A primary criticism of the Affordable Care Act is that it creates incentives for employers to hire fewer full-time employees.
A primary criticism of the Affordable Care Act is that it creates incentives for employers to hire fewer full-time employees. One of the House’s attempts to repeal the ACA even referenced it as the “job-killing healthcare law.” It’s true that there are some provisions in the ACA that employers may exploit in order to minimize the cost of doing business. At the same time, it’s also true that the ACA protects employees’ access to health insurance in some very important ways that didn’t exist previously, like mandating large employers with more than 50 full-time equivalent employees to provide affordable insurance to their employees, subsidizing the purchase of insurance for small businesses, and creating other insurance options for employees (besides those their employers may or may not offer) on the health insurance marketplace.
But the latest round of controversy has erupted over the Congressional Budget Office’s February 2014 Budget and Economic Outlook for 2014 to 2024. Buried in Appendix C of that report is a summary of the “Labor Market Effects of the Affordable Care Act.” The report says that “the ACA will reduce the total number of hours worked, on net, by about 1.5 percent to 2.0 percent during the period from 2017 to 2024, almost entirely because workers will choose to supply less labor–given the new taxes and other incentives they will face and the financial benefits some will receive.” (emphasis mine)
The report continues: “The reduction in CBO’s projections of hours worked represents a decline in the number of full-time-equivalent workers of about 2.0 million in 2017, rising to about 2.5 million in 2024. Although CBO projects that total employment (and compensation) will increase over the coming decade, that increase will be smaller than it would have been in the absence of the ACA….The estimated reduction stems almost entirely from a net decline in the amount of labor that workers choose to supply, rather than from a net drop in businesses’ demand for labor, so it will appear almost entirely as a reduction in labor force participation and in hours worked…rather than as an increase in unemployment.” (again, emphasis mine)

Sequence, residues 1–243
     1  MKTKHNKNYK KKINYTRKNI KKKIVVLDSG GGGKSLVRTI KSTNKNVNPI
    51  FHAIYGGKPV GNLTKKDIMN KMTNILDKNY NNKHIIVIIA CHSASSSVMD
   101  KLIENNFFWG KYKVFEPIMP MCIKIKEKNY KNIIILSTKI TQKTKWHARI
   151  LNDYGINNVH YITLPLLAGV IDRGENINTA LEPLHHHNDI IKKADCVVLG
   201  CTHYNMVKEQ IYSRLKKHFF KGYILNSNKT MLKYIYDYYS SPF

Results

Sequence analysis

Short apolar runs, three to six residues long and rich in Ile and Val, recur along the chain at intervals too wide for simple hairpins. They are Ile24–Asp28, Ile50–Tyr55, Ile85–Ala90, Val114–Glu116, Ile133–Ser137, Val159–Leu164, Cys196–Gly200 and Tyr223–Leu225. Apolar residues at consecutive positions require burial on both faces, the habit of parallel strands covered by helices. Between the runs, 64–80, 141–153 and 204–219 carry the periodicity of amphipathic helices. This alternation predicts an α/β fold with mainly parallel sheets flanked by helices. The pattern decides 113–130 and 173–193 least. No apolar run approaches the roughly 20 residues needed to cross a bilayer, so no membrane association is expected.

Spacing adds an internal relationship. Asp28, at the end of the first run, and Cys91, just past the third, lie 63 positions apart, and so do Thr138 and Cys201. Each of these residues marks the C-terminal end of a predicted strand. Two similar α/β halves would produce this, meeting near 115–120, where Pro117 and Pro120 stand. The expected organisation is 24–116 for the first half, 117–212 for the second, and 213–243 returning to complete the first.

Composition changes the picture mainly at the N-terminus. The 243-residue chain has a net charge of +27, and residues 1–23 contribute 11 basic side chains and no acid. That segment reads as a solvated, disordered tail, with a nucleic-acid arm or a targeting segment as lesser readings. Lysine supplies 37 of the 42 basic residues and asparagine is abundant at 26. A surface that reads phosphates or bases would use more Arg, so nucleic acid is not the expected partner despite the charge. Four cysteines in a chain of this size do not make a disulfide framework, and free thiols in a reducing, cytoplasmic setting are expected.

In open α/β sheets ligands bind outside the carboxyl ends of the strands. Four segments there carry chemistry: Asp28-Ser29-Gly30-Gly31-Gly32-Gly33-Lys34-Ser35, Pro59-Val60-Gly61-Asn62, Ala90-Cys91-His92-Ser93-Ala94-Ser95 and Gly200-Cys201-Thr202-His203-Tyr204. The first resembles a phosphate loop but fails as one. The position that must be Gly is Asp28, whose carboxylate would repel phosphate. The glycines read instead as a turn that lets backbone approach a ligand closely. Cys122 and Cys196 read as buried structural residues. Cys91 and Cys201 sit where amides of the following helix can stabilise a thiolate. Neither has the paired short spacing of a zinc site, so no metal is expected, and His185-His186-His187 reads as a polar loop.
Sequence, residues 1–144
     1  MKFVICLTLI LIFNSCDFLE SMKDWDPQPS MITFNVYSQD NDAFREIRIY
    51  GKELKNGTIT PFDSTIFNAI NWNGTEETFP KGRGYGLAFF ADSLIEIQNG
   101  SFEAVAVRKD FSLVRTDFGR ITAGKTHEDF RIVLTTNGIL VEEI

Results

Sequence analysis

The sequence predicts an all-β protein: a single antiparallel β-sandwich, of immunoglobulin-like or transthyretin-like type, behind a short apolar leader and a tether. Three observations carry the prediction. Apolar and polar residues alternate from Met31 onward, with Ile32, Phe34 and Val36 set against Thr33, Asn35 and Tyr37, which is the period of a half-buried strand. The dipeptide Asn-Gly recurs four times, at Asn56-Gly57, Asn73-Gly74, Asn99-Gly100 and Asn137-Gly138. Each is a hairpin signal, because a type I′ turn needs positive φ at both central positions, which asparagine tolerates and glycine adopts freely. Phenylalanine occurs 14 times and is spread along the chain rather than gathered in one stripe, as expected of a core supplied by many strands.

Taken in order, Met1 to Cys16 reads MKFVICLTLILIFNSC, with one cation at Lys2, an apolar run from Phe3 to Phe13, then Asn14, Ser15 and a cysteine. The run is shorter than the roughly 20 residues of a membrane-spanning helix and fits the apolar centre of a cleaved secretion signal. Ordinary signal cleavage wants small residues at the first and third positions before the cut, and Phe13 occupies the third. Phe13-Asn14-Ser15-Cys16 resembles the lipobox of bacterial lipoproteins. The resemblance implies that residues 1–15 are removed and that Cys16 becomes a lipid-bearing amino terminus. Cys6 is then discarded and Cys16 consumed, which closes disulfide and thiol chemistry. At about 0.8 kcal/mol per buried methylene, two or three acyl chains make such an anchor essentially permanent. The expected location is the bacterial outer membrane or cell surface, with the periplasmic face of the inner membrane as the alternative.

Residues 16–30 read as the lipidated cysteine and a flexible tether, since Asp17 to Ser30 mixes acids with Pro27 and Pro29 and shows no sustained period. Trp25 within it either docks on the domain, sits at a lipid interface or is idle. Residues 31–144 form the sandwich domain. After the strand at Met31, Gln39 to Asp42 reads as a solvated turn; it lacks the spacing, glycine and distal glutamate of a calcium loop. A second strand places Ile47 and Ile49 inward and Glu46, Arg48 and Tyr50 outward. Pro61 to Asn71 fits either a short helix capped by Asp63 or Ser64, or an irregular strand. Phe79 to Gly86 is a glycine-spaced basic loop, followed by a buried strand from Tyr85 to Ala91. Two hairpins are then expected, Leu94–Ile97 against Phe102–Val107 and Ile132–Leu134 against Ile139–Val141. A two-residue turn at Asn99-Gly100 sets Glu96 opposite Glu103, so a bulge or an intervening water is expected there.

Those who think that the ACA is bad for business have seized on this report–specifically the projected decline of 2 to 2.5 million full-time-equivalent workers–to claim that their concerns about the “job-killing healthcare law” have been vindicated. But, as the emphasized portions of the quotes above show, that’s not the real story. The real translation is that the workforce will grow at a slower rate because some people will choose not to work as much. There is more than one reason why that may be an attractive choice.
First, as with any benefit involving a subsidy on a sliding-scale, there can be a disincentive to earn more income. In other words, a low-income person may find that they receive a larger subsidy if they work a few less hours each week. If the increase in the subsidy is larger than the amount of income foregone, it makes sense to work fewer hours. A similar principal is at work for those at or near 138% of the poverty level in states that have elected to expand Medicaid coverage.
Second, some people only continue to work in their current job because they need health insurance benefits. This is the phenomenon of “job lock” that is particularly unique to our American employer-based health insurance system. Under the ACA, individuals now have more choices. They can quit their jobs, change jobs, or switch from full-time to part-time and still access subsidized coverage through the health insurance marketplace. Yes, that’s right. There are employees who, for a variety of reasons, will welcome the opportunity to scale back their hours now that it doesn’t mean losing their health insurance. Maybe they have a child or an elderly parent at home to whom they provide care. Maybe their spouse is the primary bread-winner, but works at a job that doesn’t provide health insurance benefits. There are a variety of possibilities.
None of this means that employers won’t take measures to scale back their hiring, but that’s simply not the full story. I think it’s a good thing for us to break some of the long-standing ties between health insurance coverage and employment. After all, do we really want to live in a country where losing your job means losing your access to basic health care services? Of course, others disagree with me, and their points are valid. But, the next time you hear someone telling you that the CBO says that ObamaCare kills jobs, you can send them a link to this post and tell them what the CBO report actually says.
(Obamacare and jobs / shutterstock)